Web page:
When Janet Napolitano decided in January 2009 she’d rather work for Barack Obama than finish out her term as Arizona governor, it created a political tsunami of sorts.
This left-leaning Democratic governor who had vetoed a host of priorities of the Republican-controlled Legislature, elected twice, was being replaced by Jan Brewer, a conservative Republican who, while a veteran politician, had been chosen by Arizona voters solely to be the secretary of state.
And if there was any question whether the tide had shifted, all that was resolved when Brewer signed the state’s tough new immigration law, a law that contained several provisions Napolitano had previously vetoed.
Even those who liked that shift, though, started talking about renewing the call to at least rename the post “lieutenant governor’’ to better give voters the idea that whoever they elect is the proverbial heartbeat from being the state’s chief executive.
But lawmakers, in voting to put the issue on the November ballot, did not simply seek to change the title. They also want to alter how this person runs for office and gets elected.
And that is creating some opposition.
Central to Proposition 111 is the fact that Arizona has a history of governors not completing their terms.
Raul Castro became ambassador to Argentina in 1977, elevating Secretary of State Wes Bolin.
But when Bolin died less than a year later, Rose Mofford could not take his place because she had been appointed. That meant Attorney General Bruce Babbitt took over.
All these changes, however, still left the governor’s office in Democratic hands.
A decade later, Republican Evan Mecham was impeached and convicted. Democrat Mofford, now elected in her own right, became governor.
Fife Symington couldn’t complete his second term after his federal fraud conviction, making fellow Republican Jane Hull the state’s chief executive.
And then there was Napolitano.
As crafted, Proposition 111 would have those who want to be governor and lieutenant governor run on their own in their respective party primaries. The top vote getters for each office from each party then would run as a ticket in the general election, with voters casting a single ballot for each.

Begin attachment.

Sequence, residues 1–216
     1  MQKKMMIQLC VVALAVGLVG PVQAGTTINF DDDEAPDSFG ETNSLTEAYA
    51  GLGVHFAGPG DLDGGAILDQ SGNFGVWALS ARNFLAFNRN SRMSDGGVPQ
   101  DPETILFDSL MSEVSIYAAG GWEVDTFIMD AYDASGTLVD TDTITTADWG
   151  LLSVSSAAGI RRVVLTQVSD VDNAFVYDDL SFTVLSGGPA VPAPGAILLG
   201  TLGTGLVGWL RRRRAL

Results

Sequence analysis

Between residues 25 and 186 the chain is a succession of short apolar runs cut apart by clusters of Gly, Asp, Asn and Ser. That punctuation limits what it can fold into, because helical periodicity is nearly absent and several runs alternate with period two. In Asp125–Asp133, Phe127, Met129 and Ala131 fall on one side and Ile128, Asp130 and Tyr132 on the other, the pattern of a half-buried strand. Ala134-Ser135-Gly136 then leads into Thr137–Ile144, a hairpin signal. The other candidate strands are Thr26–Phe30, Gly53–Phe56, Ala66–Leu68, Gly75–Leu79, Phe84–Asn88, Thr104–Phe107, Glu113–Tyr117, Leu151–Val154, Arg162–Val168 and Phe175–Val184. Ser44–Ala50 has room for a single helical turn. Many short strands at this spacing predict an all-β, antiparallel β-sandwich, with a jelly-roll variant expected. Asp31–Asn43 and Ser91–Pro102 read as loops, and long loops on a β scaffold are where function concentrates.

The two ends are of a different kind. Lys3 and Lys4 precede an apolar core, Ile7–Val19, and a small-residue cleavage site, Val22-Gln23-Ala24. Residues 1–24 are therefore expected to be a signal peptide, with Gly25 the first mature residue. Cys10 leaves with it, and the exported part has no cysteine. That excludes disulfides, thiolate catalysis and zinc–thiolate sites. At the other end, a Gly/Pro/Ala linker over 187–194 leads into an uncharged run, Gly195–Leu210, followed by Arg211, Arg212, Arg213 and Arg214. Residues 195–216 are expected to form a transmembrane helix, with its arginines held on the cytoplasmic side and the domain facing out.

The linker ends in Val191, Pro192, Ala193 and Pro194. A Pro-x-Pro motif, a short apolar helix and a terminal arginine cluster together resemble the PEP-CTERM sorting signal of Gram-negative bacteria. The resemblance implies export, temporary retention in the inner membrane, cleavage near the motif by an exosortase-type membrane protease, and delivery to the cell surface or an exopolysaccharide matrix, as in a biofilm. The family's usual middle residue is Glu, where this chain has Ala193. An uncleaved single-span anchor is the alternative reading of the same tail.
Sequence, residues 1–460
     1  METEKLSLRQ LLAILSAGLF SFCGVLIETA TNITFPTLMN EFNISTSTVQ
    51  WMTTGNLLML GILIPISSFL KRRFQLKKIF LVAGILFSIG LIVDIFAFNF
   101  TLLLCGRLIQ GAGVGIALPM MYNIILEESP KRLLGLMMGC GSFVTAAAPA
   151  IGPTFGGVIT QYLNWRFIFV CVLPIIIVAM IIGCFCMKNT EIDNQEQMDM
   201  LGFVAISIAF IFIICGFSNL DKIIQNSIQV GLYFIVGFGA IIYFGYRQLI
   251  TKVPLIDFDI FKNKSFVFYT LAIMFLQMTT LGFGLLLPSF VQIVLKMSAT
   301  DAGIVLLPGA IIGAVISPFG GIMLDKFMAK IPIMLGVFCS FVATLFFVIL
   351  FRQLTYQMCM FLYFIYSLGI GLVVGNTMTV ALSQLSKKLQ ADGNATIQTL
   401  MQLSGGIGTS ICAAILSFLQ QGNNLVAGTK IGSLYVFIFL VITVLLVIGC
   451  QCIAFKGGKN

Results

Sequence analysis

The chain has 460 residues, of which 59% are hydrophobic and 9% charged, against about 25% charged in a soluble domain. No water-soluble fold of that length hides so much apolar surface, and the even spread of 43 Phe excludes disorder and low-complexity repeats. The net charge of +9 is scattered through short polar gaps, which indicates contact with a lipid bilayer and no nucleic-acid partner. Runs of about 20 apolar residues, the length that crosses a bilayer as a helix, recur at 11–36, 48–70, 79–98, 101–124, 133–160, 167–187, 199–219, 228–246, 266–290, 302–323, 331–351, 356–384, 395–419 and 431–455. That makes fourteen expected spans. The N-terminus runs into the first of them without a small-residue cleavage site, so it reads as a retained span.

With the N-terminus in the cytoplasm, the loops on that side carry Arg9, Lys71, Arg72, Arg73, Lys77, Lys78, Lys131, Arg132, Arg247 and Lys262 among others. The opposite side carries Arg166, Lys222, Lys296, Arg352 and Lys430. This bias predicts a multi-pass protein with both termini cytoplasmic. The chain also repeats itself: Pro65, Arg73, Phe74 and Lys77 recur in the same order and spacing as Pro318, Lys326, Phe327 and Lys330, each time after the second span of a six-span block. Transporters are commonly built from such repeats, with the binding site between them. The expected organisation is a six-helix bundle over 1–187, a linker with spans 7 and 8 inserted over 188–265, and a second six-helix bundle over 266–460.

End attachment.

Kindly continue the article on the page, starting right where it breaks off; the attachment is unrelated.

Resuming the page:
The measure is being pushed by the O’Connor House Project, a group of civic, political and business leaders, who have come up with various ideas for altering government. Michael Bidwill, chairman of what is now operating under the banner of Government for Arizona’s 2nd Century, wrote in a statement of support that the change will give voters “a clear understanding of our state’s executive line of succession.’’
But Phoenix attorney Thomas Haney said he finds several problems with the plan.
At the very least, Haney said once the office gets a new title, all the routine duties, like registering notaries public and even running elections, would be spun off to other agencies — something the Legislature would be free to do — making the lieutenant governor “another potentate to parade before the press and the public.’’
Kevin Rogers, president of the Arizona Farm Bureau Federation, had a more practical reason for his organization’s opposition. He said there is no provision for how an independent candidate for governor could run since there would be no corresponding person to be part of the ticket.
Former state Sen. Jonathan Paton, R-Tucson, who supports the change, said that probably could be fixed with legislation if the measure passes. But lawmakers may be unable to deal with what happens if a minor party found itself in the same position of having a gubernatorial hopeful but no one running for the No. 2 slot.
A similar measure went to voters in 1994 and was defeated.